NFL players to get tracking chips in shoulder pads
Beginning with the NFL's regular season, players will be equipped with tracking technology in their shoulder pads measuring how fast, far and what routes they run - in real time.
The small radio frequency identification chips were designed by Lincolnshire, Ill.-based Zebra Technologies and communicate data to receivers installed in 17 NFL stadiums.
All NFL players will be equipped with the chips, which will be installed before the season starts and turned on when they play in those 17 stadiums. They're washable and sturdy to sustain hard hits, a spokesperson said.
The Chicago Bears' first game with the technology will be the team's first regular season game on Sept. 7 at noon against the Buffalo Bills. Receivers will be installed at Soldier Field in August.
Last year, Zebra conducted a pilot program with the San Francisco 49ers and Detroit Lions.
"You can track exactly how they run the entire game," Zebra CEO Anders Gustafsson said in an interview. "You can see how far they run, you can see how quickly they run in the first quarter versus the fourth quarter. You can see three times out of four they will break left versus right."
The information will instantly provide accurate statistics and player comparisons, Gustafsson said.
Vishal Shah, NFL vice president of media strategy, said the technology will provide valuable information to players, coaches, fans and broadcasters. Zebra staff will work each game to make sure everything is running smoothly, a company spokesperson said.
Jill Stelfox, vice president and general manager of Zebra's location solutions team, which developed the chips, said one can liken the technology to a home Wi-Fi system.
"Just like your Wi-Fi system at home, your laptop communicates to your Wi-Fi access point and then you get on to the Internet," Stelfox said. "It's exactly the same the only difference is, it's at a different frequency."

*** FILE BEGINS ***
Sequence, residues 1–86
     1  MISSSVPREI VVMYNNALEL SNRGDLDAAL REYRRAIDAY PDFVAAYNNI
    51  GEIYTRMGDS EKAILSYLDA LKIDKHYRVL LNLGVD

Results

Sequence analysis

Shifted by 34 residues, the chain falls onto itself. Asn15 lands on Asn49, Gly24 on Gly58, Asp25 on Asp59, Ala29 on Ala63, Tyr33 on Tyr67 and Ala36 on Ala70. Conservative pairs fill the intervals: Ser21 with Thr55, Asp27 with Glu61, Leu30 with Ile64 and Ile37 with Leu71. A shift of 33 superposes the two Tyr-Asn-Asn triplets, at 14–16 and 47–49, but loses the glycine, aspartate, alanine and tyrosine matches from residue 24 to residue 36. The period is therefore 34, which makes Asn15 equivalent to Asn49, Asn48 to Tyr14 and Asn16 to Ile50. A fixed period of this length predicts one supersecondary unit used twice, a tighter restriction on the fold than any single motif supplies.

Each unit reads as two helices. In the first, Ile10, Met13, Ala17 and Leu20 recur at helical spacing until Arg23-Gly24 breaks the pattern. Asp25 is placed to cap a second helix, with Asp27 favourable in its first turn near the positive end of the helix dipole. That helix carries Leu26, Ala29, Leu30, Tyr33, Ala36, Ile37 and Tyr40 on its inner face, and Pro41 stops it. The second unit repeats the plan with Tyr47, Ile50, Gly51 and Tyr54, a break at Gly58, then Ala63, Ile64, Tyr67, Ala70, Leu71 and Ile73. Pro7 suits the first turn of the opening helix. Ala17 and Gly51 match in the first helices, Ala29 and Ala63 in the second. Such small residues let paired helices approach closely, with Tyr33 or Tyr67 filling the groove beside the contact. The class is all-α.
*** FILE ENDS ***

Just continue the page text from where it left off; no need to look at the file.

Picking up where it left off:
For those who like to play coach from their living room, Stelfox said they'll be able to tell not just that a player squeaked out 4 rushing yards - but that they ran 10 yards total to gain those 4.
They'll also be able to see information about how quickly a wide receiver ran and how quickly and how far linemen were able to push the defensive team back to make a hole for a running back to run through.
Broadcasters will have instant access to this information, which they can use as they call the game.
Zebra uses this technology with a few cars in NASCAR, Stelfox said, and has for several years worked with a women's soccer team in China and a hockey team in Russia.
"We're pretty proud to say that it's not new, but it's been tested for a long time," Stelfox said. "The part that is new for us is the software around the rules of the game of football."
Zebra also uses similar technology to track the locations of U.S. soldiers and nurses.
The company, which recently purchased the enterprise unit of Motorola Solutions, anticipates growth among sports analytics.
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